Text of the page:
Yes. Fuchsias. Not Fushias. Named after the renowned German botanist Leonhart Fuchs (Fooks) should help you to remember how to spell it. I know, I am a pedant, but it really annoys me when people and even nurseries get the name wrong. I have always loved fuchsias from being a small girl. I think it may stem from the numerous fairy stories I used to read. The flowers look like dainty bells hanging down or ballerinas in tutus or simply elegant ear-rings. I know I have a somewhat vivid imagination. Those fairy tales. I have always grown them, leaving behind a particularly precious (given to me as a cutting by my father) and rather large shrub when I moved in with the current OH. I did however take cuttings and grew them on in my next garden. Move number two and a couple of those were dug up and potted on and taken with us. Somewhere between moves three and six my fuchsia got lost / died so I started again with a cutting from my mother in law’s garden. To that very ordinary fuchsia (red and purple, single flower) I have added several more tender varieties over the years, most of which died off during the cold winters (having had nowhere to shelter them) though one or two managed to survive. This year I have bought several new very small plants – all hardy varieties – and have been potting them on during the summer as they grew. I have been delighted to see all of them in flower. And a bonus is that the S&S tend to leave them alone. Let’s have a look at six of them this Saturday:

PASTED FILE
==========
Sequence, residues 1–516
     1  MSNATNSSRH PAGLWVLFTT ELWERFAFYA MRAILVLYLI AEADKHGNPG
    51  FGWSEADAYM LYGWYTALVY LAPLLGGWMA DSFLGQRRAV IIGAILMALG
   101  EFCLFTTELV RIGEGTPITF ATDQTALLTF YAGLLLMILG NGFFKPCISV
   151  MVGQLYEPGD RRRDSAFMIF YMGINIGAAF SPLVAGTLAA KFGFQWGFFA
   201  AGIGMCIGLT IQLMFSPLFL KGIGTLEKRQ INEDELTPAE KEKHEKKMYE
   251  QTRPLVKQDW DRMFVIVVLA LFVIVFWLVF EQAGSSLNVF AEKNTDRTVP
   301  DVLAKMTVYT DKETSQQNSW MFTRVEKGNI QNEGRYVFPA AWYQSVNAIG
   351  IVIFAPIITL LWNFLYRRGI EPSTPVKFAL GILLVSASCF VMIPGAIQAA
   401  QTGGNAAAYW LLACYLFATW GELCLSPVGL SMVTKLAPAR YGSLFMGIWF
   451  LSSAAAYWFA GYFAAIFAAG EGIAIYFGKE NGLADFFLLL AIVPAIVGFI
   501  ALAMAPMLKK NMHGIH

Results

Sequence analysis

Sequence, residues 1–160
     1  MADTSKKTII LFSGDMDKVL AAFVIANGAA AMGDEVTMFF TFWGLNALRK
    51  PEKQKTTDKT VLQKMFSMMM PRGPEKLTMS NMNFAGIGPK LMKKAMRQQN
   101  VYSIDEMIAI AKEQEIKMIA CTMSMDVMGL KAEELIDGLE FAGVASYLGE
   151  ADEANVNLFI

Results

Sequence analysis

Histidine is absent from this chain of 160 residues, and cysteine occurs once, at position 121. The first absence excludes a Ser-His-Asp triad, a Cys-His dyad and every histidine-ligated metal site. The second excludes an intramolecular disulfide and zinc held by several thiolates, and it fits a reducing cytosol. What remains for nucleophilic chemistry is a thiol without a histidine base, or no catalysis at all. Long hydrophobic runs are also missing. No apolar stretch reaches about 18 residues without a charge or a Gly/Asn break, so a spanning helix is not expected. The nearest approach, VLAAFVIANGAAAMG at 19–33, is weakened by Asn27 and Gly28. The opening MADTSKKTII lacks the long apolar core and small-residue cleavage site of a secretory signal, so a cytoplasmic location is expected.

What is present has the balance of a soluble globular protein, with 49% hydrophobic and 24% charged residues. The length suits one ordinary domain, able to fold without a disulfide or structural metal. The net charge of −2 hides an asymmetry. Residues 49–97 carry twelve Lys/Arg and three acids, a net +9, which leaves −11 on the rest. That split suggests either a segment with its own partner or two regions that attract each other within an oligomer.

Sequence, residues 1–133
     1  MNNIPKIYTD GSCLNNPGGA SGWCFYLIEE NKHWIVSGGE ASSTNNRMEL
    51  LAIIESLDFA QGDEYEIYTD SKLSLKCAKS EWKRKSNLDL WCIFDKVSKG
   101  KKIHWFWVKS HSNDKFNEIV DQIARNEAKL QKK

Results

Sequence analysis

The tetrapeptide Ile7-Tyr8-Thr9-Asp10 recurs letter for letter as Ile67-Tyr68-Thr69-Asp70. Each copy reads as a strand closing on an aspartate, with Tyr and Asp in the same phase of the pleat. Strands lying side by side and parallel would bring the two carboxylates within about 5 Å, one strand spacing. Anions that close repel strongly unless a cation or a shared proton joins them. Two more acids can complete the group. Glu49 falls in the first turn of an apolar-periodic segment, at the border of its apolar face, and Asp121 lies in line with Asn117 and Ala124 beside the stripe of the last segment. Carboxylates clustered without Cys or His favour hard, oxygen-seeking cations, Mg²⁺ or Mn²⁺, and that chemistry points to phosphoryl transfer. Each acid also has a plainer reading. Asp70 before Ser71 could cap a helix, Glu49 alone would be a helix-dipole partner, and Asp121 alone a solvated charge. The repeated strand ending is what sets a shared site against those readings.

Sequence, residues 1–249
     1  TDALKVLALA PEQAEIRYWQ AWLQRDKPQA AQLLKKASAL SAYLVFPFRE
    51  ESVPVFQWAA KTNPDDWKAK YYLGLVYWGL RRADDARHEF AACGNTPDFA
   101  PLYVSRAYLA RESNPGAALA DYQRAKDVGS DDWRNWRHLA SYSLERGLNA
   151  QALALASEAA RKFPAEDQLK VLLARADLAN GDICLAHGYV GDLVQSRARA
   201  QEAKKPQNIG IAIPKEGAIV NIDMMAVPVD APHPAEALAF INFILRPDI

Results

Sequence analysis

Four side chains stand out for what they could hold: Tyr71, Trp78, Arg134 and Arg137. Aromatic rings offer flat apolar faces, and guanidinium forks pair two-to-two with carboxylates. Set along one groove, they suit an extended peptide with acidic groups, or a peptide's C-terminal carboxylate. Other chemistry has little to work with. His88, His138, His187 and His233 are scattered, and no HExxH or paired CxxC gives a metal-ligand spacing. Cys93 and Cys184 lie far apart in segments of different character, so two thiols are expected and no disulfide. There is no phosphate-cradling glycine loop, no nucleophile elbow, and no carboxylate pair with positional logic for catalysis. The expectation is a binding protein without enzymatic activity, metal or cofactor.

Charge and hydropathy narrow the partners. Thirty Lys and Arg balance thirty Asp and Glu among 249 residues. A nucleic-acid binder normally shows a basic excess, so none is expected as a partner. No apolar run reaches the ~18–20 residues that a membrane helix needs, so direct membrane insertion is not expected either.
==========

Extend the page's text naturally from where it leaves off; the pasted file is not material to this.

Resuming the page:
- Fuchsia ‘Alice Hoffman’. This is a reliable hardy fuchsia with bronze-tinged foliage and small semi-double flowers with rose-red sepals and tubes and a white corolla.
- Fuchsia ‘Hawkshead’. A magellanica type with green tipped white flowers. Looks like a snowdrop. I am astonished at how many flowers have appeared on this very small plant.
- Fuchsia ‘Tom Thumb’. Another common one, but fully hardy and flowers prolifically as these photos show. A single flower with carmine pink sepals and mauve-purple corolla.
- Fuchsia ‘Genii’. This has bright yellow leaves which contrast nicely with the elegantly curved sepals in cerise, cerise tubes and a reddish-purple corolla.
- Fuchsia ‘Beacon Rosa ‘. An all pink affair with single flowers.
- Fuchsia ‘ La Campanella’. This is a tender variety and shares a pot with a Pelargonium so has been brought inside for the winter months. I really should extricate her from this pot and give her her own space as she is a very pretty flowering fuchsia. The attractive semi-double flowers feature white tubes and pink-white sepals with deep purple corolla that changes to light violet as it matures.
Next year all these shrubs will be going into pots for the north-facing courtyard garden where I hope they will be very happy.
If you really want to see some interesting fuchsias then please pop over to Jim’s site where he has many more of these underrated shrubs.
See here for the participant’s guide.